Wednesday, 30 June 2010

Agora: a tale of Christianity against the Greeks



I managed to catch the Anglo-Spanish film Agora and an enjoyable romp it is too. The film is set in fourth century Roman/Byzantine Alexandria and purports to tell the story of the legendary philosopher Hypatia – neoplatonist, proto-feminist, Enlightenment heroine, described by her admirers as the 'last of the Hellenes' and as having 'the mind of Plato and the body of Aphrodite', who was brutally murdered by a mob of Christians as the sect gained the upper hand over Greek religion and the Greek way of life.

Indeed, the film – no doubt to make a point about contemporary religious fanaticism – adopts wholesale the version of events that has Hypatia as a martyr for reason and philosophy, a victim of religious dogmatism and bigotry, and portrays the hateful Christians as a barbaric mob of class warriors and misogynists and Christianity as an ignorant, anti-Greek doctrine; but the crudeness of its legitimate message aside, the film is not bad at all.  

You can download it, if you know how, here, from piratebay.

8 comments:

faithljustice said...

I saw the film when it first came out in NYC and loved Weisz' performance as Hypatia. Amenabar distorts some history in service to his art (the Library didn't end that way and Synesius wasn't a jerk), but that's what artists do. I don't go to the movies for history. For people who want to know more about the historical Hypatia, I highly recommend a very readable biography "Hypatia of Alexandria" by Maria Dzielska (Harvard University Press, 1995). I also have a series of posts on the historical events and characters in the film at my blog - not a movie review, just a "reel vs. real" discussion.

John Akritas said...

Hello Faith
Thanks for leaving a comment. I agree with you about Weisz – she's very good – and that you have to approach the film as entertainment, not history, and that as entertainment it works reasonably well. It's too black and white, didactic and enthral to the standard Enlightenment view that Hypatia was a hapless victim of Christian bigotry, to be a really intelligent film, especially since, as you say in your reflections on the film, in reality, Hypatia's relationship with Synesius points to a more complex relationship between early Christian and late Greek thought and the early Christian and Greek way of life. However, the film is good enough to, hopefully, encourage people to find out more about Hypatia and this neglected period in history, and certainly, after watching the film, I dug out my copy of Dzielska's book and started re-reading it. Your blog is excellent, by the way; good luck with all your projects. Also, I don't agree with you about Gladiator – but that's another story.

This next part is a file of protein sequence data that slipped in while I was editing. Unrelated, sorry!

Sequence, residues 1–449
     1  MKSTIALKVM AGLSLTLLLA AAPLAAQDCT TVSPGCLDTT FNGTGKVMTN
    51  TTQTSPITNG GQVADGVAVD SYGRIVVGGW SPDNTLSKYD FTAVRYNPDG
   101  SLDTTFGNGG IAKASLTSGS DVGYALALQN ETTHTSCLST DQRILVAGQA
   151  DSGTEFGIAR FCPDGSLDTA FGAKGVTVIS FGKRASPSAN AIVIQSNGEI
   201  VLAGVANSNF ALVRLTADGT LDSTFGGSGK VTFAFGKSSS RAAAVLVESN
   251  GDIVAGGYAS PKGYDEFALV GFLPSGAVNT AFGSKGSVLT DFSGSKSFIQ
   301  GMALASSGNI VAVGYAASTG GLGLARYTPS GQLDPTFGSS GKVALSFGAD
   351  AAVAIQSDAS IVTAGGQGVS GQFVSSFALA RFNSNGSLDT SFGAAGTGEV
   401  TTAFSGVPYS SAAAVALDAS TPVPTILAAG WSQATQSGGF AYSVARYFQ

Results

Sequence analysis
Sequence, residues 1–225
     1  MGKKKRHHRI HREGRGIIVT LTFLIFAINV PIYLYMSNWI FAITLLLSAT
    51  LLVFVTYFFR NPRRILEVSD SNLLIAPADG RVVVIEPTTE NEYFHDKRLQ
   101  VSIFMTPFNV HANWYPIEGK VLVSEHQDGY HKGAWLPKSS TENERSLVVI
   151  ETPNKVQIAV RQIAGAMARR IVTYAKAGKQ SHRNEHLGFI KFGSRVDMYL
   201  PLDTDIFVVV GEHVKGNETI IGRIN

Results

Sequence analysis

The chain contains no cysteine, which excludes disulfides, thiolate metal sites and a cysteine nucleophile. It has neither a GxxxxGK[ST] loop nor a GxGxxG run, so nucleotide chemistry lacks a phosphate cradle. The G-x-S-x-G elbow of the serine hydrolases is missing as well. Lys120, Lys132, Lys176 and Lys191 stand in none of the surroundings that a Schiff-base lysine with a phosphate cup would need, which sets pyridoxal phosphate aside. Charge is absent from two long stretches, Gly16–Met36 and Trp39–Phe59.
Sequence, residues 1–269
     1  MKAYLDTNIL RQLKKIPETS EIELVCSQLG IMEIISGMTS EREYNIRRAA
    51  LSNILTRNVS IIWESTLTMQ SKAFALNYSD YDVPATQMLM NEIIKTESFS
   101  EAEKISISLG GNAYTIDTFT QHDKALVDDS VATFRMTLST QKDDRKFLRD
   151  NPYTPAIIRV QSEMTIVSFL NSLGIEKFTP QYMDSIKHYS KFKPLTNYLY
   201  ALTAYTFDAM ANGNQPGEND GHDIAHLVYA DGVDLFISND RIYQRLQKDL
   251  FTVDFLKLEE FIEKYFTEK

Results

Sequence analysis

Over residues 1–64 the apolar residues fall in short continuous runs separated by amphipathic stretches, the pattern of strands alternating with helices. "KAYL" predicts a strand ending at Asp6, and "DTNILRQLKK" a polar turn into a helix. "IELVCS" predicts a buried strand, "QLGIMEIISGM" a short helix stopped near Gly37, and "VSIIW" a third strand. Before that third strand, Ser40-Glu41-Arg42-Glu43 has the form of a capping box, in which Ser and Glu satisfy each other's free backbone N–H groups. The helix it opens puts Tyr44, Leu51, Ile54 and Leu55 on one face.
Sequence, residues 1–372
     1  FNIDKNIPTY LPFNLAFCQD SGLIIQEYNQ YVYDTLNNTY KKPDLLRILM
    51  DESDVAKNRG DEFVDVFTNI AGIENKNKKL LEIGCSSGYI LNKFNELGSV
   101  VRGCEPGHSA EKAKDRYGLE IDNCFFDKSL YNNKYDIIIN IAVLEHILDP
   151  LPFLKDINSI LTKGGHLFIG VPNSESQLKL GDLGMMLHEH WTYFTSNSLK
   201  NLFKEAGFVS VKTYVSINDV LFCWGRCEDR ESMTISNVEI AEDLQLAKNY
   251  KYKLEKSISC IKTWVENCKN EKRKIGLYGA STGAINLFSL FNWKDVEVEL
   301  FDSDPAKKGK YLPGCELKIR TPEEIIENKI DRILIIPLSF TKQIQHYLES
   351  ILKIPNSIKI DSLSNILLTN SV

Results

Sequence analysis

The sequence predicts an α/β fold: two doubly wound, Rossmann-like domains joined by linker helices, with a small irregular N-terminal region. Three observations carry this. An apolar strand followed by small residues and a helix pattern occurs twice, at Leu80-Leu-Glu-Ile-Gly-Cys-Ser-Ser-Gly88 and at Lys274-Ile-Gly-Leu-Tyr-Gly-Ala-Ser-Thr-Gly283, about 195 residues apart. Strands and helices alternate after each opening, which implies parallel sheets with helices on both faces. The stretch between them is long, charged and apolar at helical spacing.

lastgreek said...

I, Tiberius Claudius Drusus Nero Germanicus . . .-

I loved the opening line above from Robert Graves's I, Claudius. As far as historical novels go, this one is hard to beat. What a read! And the TV series was great, too, starring Derek Jacobi as Claudius.

Anonymous said...

I see the Christian leader looks very swarthy... dare I say Arabic.

Savvas Tzionis

Hermes said...

The best historical novel is Memoirs of Hadrian by Margeurite Yorceneaur followed by Julian by Gore Vidal.

John Akritas said...

Yes, Savva, the Christians in the film conjure up the Taliban, while the villainous Bishop Cyril is a dead ringer for bin Laden.

LG. They don't, unfortunately, make shows like I, Claudius anymore; though I never read the book. I did try reading Graves' Count Belisarius, about the great Byzantine general, but couldn't get past the first few pages. The novel was one of Churchill's favourites, apparently.

Can't say I know the two novels you mention, H. They both look interesting, particularly the one about Hadrian.

Hermes said...

Memoirs of Hadrian is probably in my five best non-Greek books of all time along with Brothers Karamazov, The Leopard etc. I cannot recommend this book highly enough. Actually, it was the inspiration for Gore Vidal's historical works.

However, we Greeks have a very long modern tradition of historical fiction; particularly, Byzantine historical fiction such as Angelos Terzakis, George Theotakas, Kostas Kyriazis, Kazaztakis's plays and more recently Maro Doukas's novel about the Comemeni (currently I'm reading it).

If your Greek is a bit rusty then try Penelope Delta's works on Basil the Bulgar Slayer written for young people. It was written during the Macedonian struggle to instill pride in young children (imagine if someone wrote a book like that today??).

Hermes said...

I finally saw the film. Very entertaining and thought provoking although not entirely accurate. Let's not be fooled, if Christians were ever to regain hegemony in the West, they would probably behave the same.